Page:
Know your competition for each product. Understand their market behaviour, their size, how much and when they produce. Their strengths and weaknesses and how you may absorb some of their market share.

Break-Even Analysis

Break-even is possibly the most important of your analysis techniques. It gives you the amount of money needed and number of units that must be sold to cover your costs. Below this number you are losing money. It is not always obvious, so the analysis is required – spreadsheet work.

  • Analyse each product showing how many items must be sold to break even.
  • Analyse each enterprise showing
    • Time to profit
    • Cost to profit

Farm Business SWOT Analysis

Perform a SWOT analysis on the business as a whole. For each line add a strategy.
Often weaknesses and threats can be turned to opportunities.
Opportunities can be converted to strengths.
“It just is” is not acceptable as a strategy – think around the corners.

Accounting Benchmarks

An accounting benchmark is a set of numbers taken from industry results. It will allow you to see where you fit when compared with industry median and average figures.

Your accountant should be able to access benchmark numbers for you if you do not.

These numbers can assist you to identify areas of your business that may need attention.


What are your resources?
  • How much land is available?
  • What is your financial reserve?
  • How many staff hours are available per week?
  • What skills do you have?
  • What skills do your staff have?

The Management Team

  • Who is your management team?
  • What skills do they have?
  • How much time do they have?

Planning the Business

Any business gains from being planned. A farm business needs to:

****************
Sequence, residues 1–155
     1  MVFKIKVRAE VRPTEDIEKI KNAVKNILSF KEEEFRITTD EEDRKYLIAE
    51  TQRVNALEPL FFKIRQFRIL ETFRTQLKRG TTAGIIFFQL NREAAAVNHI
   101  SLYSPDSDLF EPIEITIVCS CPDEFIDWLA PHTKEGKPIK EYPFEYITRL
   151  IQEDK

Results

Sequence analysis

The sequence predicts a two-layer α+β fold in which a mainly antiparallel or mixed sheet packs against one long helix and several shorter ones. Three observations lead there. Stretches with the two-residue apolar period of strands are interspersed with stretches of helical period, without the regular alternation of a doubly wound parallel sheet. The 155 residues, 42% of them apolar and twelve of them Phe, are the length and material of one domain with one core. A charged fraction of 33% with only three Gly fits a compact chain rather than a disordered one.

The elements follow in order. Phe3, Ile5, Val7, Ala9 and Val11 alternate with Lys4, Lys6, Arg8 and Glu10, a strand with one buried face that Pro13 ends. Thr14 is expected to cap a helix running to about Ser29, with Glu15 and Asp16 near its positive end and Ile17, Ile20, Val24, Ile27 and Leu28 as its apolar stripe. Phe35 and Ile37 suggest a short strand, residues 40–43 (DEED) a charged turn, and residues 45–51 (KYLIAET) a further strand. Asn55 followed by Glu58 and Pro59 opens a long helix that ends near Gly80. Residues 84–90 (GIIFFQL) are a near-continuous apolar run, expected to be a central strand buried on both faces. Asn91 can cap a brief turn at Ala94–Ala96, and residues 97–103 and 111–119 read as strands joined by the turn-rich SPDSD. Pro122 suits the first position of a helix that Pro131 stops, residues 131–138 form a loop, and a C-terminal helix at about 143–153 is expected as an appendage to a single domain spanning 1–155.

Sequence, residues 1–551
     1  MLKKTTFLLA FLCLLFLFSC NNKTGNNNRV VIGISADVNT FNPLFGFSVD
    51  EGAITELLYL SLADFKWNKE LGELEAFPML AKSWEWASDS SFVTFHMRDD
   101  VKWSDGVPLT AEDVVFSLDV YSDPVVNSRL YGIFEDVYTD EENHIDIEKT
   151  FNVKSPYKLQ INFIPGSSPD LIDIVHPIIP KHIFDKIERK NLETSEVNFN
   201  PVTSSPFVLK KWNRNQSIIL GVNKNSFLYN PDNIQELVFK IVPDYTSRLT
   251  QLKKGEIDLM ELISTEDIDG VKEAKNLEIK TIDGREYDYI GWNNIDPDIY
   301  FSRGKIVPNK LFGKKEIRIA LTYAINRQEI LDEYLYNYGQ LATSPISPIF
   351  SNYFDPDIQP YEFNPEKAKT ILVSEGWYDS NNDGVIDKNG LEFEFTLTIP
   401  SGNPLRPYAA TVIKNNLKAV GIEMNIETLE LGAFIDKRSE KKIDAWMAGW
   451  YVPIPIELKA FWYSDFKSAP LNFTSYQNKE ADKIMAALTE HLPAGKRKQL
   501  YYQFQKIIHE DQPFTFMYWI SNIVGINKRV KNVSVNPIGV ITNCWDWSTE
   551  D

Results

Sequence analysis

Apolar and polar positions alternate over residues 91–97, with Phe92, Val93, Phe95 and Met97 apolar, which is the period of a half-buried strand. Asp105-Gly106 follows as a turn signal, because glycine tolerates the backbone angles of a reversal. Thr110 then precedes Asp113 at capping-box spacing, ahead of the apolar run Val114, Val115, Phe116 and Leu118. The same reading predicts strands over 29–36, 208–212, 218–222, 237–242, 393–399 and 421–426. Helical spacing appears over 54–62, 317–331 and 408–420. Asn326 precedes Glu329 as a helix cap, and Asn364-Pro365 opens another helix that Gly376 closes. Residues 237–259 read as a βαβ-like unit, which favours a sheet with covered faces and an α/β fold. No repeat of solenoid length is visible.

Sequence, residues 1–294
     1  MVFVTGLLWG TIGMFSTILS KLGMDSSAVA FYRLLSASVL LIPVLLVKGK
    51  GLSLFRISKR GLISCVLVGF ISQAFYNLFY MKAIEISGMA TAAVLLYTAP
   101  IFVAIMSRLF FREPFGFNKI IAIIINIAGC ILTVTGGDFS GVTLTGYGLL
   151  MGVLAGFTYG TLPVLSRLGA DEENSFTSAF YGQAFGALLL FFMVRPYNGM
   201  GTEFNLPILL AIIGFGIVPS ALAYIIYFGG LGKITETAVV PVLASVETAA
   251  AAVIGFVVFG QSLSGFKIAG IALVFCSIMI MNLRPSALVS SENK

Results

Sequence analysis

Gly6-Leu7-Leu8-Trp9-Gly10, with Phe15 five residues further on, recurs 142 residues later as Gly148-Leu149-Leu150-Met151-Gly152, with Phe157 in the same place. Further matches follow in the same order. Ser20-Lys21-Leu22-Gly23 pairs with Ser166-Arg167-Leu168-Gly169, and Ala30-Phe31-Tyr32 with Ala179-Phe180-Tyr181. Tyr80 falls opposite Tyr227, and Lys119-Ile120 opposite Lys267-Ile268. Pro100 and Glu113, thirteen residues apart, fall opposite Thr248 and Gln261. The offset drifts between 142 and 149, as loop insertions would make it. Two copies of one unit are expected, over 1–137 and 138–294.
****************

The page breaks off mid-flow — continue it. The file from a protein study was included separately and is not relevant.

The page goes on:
• Describe the Business
  • Determine business feasibility
  • Guide the business – Management & Strategic
  • Get the business – Sales & Marketing
  • Run the business – Administration
  • Do the business – Customer service

Describe the Business

The business description is short and concise. It defines just what the business is and its reason for existence. It then provides a Vision Statement and a Mission Statement.

These statements are not just a set of pretty words. Their purpose is to guide all decisions. If a choice is invalidated by these statements, it is wrong and must be reconsidered. These statements define “the will of the founders“. Keep them prominent so they may be used in documentation by cut and paste.

Determine Business Feasibility

Once we know what the business is about, we need to determine if it is viable. This will require a deep dive into Production, Marketing and Sales.

Marketing Plan

A Marketing Plan will define strategies to engage audiences in order to achieve business objectives.

Sales Plan

A sales plan sets out sales targets and tactics for your business, and identifies the steps you will take to meet your targets.

Record Keeping

The keeping of good records is critical to the success of any business. What you do not measure, you cannot manage.

Don’t just look at the numbers as they stand. Develop a history and chart each of them to aid trend detection. There are seasonal trends to be observed, but the most important is detecting anomalous behaviour. Why has this KPI suddenly dropped or risen and what are the implications of the change?

Components of a Business

I break a business into the following components:

  • Guiding the business – This is the management function
  • Getting the business – Marketing and sales
  • Doing the business – Daily operations
  • Running the business – Administration and finance


Guide the Business

This is the management function.

A forward looking business must respond to improve the current situation. To best do this it uses knowledge and experience guided by an analysis of Key Performance Indicators (KPIs) and Metrics.

KPIs are usually ratios (cost per tonne produced) and Metrics are numbers (number of tonnes produced).